The judgment of the Court of Justice of European Union (CJEU) of 13 May 2014 Google Spain SL and Google Inc. v Agencia Española de Protección de Datos (AEPD) and Mario Costeja González (C-131/12) sets a milestone for EU data protection in respect of search engines and, more generally, in the online world.
It grants the possibility to data subjects to request to search engines, under certain conditions, the delisting of links appearing in the search results based on a person’s name.
On Wednesday 26 November, the European data protection authorities assembled in the Article 29 Working Party (WP29) have adopted guidelines on the implementation of the CJEU’s judgment. These guidelines contain the common interpretation of the ruling as well as the common criteria to be used by the data
protection authorities when addressing complaints.
Google has agreed to about 40 percent of the requested URL removals that it has received in the months since the European Union's Court of Justice issued its ruling that empowered citizens of the EU to have search results unlinked from their names online.
Google doesn't delete any content from its search records archives completely. It simply breaks the links between searches on an individual's name and the offending results. That gives complainants the opportunity to use Google to shape their online identity while leaving the content behind those search results intact. According to the new data, Google has removed some 227,000 of those connections since it began, reluctantly, enforcing the ruling.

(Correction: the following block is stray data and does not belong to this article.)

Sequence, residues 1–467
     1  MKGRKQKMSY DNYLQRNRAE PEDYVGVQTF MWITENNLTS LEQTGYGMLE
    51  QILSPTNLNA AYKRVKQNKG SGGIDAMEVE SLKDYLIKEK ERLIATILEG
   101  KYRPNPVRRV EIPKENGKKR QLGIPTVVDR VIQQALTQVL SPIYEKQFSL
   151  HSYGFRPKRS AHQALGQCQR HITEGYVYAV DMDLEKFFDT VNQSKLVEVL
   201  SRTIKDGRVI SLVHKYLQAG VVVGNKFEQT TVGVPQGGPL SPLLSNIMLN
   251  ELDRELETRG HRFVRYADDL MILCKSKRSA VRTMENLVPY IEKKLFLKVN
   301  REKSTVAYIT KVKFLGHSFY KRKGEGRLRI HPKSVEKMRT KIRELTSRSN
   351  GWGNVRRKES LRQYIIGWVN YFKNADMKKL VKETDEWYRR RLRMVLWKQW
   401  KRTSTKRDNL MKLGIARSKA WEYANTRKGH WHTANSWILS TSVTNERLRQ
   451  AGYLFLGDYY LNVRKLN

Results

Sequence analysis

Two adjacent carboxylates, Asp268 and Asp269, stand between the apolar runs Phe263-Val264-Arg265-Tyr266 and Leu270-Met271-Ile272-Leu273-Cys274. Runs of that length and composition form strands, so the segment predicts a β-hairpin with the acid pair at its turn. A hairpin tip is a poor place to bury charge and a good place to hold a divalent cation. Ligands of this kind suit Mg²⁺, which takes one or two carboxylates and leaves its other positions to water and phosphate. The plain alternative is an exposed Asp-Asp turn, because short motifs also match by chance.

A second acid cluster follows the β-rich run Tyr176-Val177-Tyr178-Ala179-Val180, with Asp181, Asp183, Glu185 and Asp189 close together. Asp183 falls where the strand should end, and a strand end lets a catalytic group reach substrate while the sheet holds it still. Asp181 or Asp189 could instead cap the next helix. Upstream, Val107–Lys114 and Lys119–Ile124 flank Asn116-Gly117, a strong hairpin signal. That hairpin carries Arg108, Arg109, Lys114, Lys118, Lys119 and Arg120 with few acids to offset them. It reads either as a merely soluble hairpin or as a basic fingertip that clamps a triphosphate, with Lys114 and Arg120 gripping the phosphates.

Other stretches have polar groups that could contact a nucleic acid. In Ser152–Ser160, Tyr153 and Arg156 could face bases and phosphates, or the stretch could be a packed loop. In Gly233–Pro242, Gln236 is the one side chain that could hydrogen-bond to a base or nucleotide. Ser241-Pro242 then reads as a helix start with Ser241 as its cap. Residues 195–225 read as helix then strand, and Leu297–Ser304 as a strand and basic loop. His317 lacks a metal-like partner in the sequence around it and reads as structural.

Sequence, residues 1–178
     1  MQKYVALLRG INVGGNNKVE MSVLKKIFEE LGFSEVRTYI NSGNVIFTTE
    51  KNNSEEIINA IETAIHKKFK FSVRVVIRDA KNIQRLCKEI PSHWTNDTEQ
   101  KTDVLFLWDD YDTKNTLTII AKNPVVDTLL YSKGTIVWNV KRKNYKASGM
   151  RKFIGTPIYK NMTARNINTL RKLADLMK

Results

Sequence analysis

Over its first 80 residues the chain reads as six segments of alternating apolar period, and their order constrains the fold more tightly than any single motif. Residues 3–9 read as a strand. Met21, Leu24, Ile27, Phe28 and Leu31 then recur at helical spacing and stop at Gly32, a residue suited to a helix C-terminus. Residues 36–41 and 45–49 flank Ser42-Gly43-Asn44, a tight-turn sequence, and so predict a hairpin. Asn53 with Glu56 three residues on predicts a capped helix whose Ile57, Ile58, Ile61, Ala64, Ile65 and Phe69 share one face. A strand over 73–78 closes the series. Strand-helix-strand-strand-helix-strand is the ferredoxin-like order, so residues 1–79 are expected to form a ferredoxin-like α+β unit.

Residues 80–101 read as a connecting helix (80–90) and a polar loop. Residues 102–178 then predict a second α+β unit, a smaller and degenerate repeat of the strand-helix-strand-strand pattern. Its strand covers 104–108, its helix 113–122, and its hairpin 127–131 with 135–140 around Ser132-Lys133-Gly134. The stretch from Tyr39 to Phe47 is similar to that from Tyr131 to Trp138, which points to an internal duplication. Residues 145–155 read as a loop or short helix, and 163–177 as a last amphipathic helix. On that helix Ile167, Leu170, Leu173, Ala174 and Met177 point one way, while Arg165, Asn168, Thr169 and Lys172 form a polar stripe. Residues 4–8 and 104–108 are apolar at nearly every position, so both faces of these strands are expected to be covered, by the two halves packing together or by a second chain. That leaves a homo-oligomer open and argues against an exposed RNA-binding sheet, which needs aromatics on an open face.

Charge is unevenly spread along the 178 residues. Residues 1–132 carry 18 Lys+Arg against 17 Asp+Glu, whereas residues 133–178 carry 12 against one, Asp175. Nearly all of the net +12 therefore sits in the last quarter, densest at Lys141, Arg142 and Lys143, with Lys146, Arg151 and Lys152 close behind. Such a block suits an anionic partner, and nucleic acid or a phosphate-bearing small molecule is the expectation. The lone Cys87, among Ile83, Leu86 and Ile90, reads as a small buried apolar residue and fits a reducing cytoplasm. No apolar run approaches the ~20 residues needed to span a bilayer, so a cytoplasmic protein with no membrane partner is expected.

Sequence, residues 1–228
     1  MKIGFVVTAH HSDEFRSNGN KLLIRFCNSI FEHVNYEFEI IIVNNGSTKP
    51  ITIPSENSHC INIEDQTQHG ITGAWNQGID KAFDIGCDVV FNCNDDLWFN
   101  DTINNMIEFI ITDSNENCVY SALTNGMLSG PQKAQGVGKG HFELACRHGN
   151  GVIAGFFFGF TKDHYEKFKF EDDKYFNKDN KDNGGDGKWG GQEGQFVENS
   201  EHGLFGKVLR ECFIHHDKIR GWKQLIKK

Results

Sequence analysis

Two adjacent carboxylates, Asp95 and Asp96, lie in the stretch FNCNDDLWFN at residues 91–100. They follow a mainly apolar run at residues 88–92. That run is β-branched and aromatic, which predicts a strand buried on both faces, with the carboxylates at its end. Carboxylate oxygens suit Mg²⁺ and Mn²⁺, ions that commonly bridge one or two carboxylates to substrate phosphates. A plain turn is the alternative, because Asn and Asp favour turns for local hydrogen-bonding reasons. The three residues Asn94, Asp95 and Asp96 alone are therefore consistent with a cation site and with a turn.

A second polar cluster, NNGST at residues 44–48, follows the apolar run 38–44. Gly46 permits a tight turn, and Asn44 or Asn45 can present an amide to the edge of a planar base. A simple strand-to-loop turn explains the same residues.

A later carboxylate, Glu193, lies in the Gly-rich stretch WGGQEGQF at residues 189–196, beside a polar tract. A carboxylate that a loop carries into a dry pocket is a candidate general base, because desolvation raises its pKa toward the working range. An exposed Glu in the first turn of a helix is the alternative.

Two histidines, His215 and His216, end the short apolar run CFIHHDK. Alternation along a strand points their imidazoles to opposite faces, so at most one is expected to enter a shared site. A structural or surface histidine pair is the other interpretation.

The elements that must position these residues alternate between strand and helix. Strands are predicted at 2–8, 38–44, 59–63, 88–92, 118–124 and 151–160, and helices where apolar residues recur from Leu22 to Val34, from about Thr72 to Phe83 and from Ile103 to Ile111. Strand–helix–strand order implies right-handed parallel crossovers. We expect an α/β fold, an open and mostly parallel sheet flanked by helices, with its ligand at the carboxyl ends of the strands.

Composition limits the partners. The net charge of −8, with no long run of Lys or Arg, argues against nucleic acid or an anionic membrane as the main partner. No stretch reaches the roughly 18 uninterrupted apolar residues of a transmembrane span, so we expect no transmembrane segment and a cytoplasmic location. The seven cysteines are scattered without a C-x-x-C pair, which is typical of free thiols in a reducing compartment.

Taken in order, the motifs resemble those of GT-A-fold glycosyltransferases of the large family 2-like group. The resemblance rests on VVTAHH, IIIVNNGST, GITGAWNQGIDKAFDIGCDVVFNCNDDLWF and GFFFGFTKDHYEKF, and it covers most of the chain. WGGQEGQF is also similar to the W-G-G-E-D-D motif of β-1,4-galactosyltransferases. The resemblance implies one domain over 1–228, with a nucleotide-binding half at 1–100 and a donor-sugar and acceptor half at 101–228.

Today, on 19 July 2016, the Advocate General Henrik Saugmandsgaard Øe of the Court of Justice of the European Union issued an Opinion on a case Tele2 Sverige AB v Post- och telestyrelsen (C-203/15) that deals with data retention obligations that were imposed by law on a Swedish telecom provider.
The Court was asked a set of questions related to the respect of European Union law, in the context of the data retention laws in Sweden and the UK. In the Opinion issued today, the AG re-stated principles that were previously established in the Digital Rights Ireland case. He also provided extensive further analysis of the legal context that national courts need to consider when they “rigorously verify that no other measure or combination of measures” can be as effective as the national data retention regime being proposed.
On 8 September 2016, the Advocate General of the Court of Justice of the European Union gave his Opinion confirming that the agreement between EU and Canada to share Passenger Name Records data is not fully in compliance with European law. The EU-Canada agreement is the least restrictive PNR agreement that the EU has so far adopted.